"Wealth will increasingly be defined by our ability to go offline whenever we want." - Fernando Gros
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Blog // Thoughts
July 20, 2009

Some Good Words On Creativity

We often think that being creative is about having total freedom and an absence of rules. But, what if being creative actually requires discipline, even submission?

I’m currently reading Shop Class as Soulcraft: An Inquiry Into the Value of Work, by Matthew B. Crawford. It’s a compelling book that first came to my attention via this New York Times piece. The following passage, on how creativity is often misunderstood  and how it really works is just one of a number of sections of the book that have caught my eye so far.

“It is a view familiar to most of us from kindergarten: creativity is a mysterious capacity that needs to be “unleashed” (think finger painting). Creativity is what happens when people are liberated from the constraints of conventionality. According to this hippie theory, the personal grooming habits of Albert Einstein are highly significant – how else does one identify a “bizarre maverick operating at the bohemian fringe?”

The truth, of course, is that creativity is a by-product of mastery of the sort that is cultivated through long practice. It seems to be built up through submission (think a musician practising scales, or Einstein leaning tensor algebra). Identifying creativity with freedom harmonises quite well with the culture of new capitalism, in which the imperative of flexibility precludes dwelling any task long enough to develop a real competence. Such competence is the condition not only for genuine creativity but for economic independence such as the tradesman enjoys. So the liberationist ethic of what is sometimes called “the 1968 generation” perhaps paved the way for our increasing dependence. we’re primed to respond to any invocation of the aesthetics of individuality. The rhetoric of freedom pleases our ears. The simulacrum of independent though and action that goes by the name of “creativity” trips easily off the tongues of spokespeople of the corporate counterculture, and if we’re not paying attention such usage might influence our career plans. The term invokes our powerful tendency to narcissism, and in doing so greases the skids into work that is not what we had hoped.”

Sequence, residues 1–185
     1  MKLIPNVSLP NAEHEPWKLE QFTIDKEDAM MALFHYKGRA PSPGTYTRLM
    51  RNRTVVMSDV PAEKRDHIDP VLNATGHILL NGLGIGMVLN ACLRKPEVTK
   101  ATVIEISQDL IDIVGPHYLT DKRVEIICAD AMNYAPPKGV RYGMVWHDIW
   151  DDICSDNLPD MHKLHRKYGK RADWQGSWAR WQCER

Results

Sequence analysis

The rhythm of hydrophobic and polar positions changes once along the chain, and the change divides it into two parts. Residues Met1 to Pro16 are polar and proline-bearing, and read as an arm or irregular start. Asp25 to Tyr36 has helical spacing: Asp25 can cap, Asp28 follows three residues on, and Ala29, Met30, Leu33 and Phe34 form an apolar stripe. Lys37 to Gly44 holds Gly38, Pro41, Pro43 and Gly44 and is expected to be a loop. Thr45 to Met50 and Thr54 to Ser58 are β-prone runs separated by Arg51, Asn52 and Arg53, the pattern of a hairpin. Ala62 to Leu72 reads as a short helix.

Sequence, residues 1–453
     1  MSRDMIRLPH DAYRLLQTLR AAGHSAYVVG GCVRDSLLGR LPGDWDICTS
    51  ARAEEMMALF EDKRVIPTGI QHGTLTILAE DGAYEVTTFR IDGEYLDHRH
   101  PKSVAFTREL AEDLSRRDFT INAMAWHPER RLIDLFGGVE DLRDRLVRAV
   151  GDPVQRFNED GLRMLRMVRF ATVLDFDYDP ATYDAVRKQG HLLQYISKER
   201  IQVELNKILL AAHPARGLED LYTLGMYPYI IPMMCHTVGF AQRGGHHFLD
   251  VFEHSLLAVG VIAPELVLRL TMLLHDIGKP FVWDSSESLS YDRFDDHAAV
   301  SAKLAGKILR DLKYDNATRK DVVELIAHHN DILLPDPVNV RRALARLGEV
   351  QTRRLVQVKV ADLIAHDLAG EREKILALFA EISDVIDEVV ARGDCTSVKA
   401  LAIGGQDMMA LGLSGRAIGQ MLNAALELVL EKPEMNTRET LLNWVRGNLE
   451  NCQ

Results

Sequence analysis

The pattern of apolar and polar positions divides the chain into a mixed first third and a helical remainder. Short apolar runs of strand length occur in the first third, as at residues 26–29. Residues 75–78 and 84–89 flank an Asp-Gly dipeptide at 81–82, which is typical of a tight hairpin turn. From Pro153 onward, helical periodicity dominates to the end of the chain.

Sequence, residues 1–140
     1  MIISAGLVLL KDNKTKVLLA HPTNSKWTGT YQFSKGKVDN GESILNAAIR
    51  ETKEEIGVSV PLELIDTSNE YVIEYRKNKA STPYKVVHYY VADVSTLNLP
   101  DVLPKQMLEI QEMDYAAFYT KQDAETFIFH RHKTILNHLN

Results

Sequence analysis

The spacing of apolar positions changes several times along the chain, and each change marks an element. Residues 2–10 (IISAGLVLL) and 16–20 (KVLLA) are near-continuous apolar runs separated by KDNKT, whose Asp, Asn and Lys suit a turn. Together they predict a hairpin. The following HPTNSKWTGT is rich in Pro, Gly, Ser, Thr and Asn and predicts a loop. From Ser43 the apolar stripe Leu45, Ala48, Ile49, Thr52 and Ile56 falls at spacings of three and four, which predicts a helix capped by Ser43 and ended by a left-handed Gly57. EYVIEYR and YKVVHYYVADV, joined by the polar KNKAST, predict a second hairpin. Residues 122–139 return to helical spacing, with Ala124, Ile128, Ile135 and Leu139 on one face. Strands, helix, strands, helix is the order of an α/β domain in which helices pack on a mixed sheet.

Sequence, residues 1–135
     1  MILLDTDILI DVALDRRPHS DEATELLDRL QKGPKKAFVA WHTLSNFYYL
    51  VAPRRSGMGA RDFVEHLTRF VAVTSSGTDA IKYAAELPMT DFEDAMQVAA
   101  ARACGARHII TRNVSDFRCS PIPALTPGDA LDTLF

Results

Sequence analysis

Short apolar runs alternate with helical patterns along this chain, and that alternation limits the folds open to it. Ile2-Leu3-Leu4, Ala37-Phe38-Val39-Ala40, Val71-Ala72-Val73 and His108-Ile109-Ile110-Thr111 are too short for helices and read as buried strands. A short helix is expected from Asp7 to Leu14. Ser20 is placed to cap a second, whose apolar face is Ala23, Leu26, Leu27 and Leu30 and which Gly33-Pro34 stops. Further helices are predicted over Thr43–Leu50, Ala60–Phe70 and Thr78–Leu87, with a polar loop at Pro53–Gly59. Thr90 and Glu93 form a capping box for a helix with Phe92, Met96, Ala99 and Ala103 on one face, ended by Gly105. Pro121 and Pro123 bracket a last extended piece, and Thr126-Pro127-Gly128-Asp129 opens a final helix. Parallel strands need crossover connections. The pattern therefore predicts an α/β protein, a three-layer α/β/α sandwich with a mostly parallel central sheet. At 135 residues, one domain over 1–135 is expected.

Responses
Toni 13 years ago

It may be semantics, but I’d see creativity as the ability to imagine something that is not but could be. It’s little to do with individuality per se, and much more to do with ability. Some people could not be creative if they went to art school for 10 years, while others just overflow with it even while un-trained.

I’d certainly agree that discipline and training have a huge effect on how productive creative people can be, and how far they can take their creativity (or how it can become limited by the training).

Fernando Gros 13 years ago

I take the definition a little further; creativity is imagination and creation. A creative cook can imagine a dish and make it. A creative musician can imagine a melody and play it. A creative mechanic can imagine what is going on inside a faulty engine and fix it. Thus creativity demands technique in order to be realised.

But, I don’t see that being the common definition today. Instead, creativity seems, to a lot of people to be more about unrestrained personal expression – free from prior thought and not subject to definitions of technical mastery, or reproduction. It doesn’t matter if you can’t do it again, that sort of thing.

The training thing is an interesting challenge. We gain mastery through repetition, the ability to do the same thing over and over again (cutting vegetables, playing scales, tightening bolts). But, at some point, to be creativity we have to apply that consistency to the “new thing,” which is something not everyone seems able to do (or grows to fear doing).

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